Si2 and other research and development joint ventures fill an important need for semiconductor companies competing in a fast-changing global market.
What are R&D joint ventures and what do you need to know about them?
The National Cooperative Research and Production Act of 1993 (NCRPA) is the fundamental law that defines R&D joint ventures and offers them a large measure of protection from federal antitrust laws. R&D joint ventures are formal agreements between two or more companies engaged in the research and development of technologies. They are proven tools for reducing design and production costs and speeding time-to-market.
The Federal Trade Commission and Department of Justice are the NCRPA watchdogs. They review applications for R&D joint ventures, approve or deny them, and monitor the operations of those approved, including any changes in membership.
Benefits of an R&D joint venture
Protection against legal challenges under Sherman and Clayton Antitrust laws is a significant benefit for members of NCRPA-approved, R&D joint ventures. In fact, no successful lawsuit has ever been filed against an NCRPA-approved R&D joint venture. Why? A “rule of reason” antitrust analysis shelters these protected collaborative activities. Without NCRPA protection, a more general “per se” viewpoint is used, where the behavior itself can be deemed to violate antitrust law.
Also, if a violation occurs, the claimant can only receive actual damages, rather than treble damages available without NCRPA protection. This is a powerful deterrent against lawsuits.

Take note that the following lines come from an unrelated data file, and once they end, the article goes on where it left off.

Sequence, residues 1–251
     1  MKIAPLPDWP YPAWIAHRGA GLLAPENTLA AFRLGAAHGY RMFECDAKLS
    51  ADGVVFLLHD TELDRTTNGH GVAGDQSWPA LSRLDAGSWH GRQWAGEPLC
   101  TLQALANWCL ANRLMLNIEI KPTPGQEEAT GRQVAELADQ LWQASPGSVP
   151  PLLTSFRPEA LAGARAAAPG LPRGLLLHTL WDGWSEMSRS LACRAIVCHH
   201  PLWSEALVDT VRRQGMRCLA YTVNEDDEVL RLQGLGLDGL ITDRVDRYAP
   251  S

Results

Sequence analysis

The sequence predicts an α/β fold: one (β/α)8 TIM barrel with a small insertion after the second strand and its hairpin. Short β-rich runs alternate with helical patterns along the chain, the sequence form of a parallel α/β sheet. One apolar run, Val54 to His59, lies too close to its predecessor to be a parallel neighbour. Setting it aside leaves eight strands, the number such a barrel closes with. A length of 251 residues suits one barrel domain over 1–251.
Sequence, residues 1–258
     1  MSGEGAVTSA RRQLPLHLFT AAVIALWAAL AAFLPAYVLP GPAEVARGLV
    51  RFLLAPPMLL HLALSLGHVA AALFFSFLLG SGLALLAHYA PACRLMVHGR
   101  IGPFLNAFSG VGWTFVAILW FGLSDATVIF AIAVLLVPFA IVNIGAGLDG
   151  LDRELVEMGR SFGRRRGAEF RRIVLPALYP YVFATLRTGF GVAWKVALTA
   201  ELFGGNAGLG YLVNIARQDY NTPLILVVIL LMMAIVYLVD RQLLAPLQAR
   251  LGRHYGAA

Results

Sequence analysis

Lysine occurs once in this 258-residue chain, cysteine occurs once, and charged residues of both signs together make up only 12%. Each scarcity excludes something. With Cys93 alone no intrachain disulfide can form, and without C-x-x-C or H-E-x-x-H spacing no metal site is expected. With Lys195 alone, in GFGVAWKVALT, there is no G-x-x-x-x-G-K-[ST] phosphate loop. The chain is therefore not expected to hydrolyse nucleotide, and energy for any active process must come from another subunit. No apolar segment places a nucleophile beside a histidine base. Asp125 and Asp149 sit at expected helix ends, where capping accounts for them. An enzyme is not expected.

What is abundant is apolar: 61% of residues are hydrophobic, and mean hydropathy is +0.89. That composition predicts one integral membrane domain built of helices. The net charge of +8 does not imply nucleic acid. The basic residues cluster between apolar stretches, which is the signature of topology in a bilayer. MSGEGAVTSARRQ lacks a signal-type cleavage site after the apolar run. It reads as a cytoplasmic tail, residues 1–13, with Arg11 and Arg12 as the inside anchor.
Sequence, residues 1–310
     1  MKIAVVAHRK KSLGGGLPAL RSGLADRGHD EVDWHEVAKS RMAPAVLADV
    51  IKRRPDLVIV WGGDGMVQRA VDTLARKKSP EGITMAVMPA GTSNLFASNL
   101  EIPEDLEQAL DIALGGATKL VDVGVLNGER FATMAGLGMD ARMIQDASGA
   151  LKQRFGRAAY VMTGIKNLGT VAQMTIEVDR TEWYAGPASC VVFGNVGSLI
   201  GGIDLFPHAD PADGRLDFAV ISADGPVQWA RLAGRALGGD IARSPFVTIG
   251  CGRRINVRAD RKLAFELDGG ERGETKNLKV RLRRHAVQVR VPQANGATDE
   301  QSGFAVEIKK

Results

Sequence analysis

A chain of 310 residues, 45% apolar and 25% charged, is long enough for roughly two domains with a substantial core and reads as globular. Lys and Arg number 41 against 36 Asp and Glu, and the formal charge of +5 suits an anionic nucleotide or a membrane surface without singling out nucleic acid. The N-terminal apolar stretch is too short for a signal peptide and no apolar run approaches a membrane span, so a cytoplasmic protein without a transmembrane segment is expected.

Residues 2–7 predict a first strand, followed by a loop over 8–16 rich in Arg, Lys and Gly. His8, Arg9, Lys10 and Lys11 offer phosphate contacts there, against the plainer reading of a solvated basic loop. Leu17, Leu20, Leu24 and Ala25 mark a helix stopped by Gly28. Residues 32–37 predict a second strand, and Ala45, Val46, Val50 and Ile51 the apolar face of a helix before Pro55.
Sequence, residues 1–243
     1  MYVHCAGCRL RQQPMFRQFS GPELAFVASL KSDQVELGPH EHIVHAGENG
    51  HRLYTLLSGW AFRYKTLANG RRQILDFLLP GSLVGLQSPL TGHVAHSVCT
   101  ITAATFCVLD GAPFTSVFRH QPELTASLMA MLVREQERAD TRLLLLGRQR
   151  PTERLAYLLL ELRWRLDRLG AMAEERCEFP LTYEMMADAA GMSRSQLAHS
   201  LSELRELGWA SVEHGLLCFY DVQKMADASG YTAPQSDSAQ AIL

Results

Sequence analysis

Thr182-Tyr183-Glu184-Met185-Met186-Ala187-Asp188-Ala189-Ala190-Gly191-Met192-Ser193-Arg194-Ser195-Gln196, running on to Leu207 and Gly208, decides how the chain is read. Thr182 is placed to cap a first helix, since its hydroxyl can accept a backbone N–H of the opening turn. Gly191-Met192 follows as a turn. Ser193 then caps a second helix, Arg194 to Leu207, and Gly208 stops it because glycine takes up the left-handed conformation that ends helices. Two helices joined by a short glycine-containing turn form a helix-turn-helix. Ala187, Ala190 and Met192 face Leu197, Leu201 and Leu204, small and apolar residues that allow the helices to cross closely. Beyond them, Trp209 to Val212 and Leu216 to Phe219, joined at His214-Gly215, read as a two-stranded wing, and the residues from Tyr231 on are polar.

Legal protections aside, R&D joint ventures can conduct a wide variety of activities, including:
- perform theoretical analysis, experimentation or testing of basic engineering techniques
- extend investigative findings into practical application for experimental and demonstration purposes
- conduct experiments on models, prototypes and processes
- perform product certification testing
- collect, exchange and analyze research or production information
Those types of activities mark a primary difference between an R&D joint venture and standards development organizations. SDOs can only perform voluntary, consensus standards activities, and though the NCRPA antitrust protection covers the SDO, it does not extend these protections to individual SDO members.
Any collaborative R&D activity done under the auspices and guidance of Si2 receives the same anti-trust protection. Si2 special interest groups, coalitions and working groups focus on solving industry problems, knowing they and their companies have the safety the NCRPA provides.